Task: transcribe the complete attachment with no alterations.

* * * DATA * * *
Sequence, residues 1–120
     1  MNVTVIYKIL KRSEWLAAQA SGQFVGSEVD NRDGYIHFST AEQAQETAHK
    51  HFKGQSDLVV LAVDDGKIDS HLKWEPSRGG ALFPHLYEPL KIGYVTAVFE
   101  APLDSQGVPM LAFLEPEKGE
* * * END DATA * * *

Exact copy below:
Sequence, residues 1–120
     1  MNVTVIYKIL KRSEWLAAQA SGQFVGSEVD NRDGYIHFST AEQAQETAHK
    51  HFKGQSDLVV LAVDDGKIDS HLKWEPSRGG ALFPHLYEPL KIGYVTAVFE
   101  APLDSQGVPM LAFLEPEKGE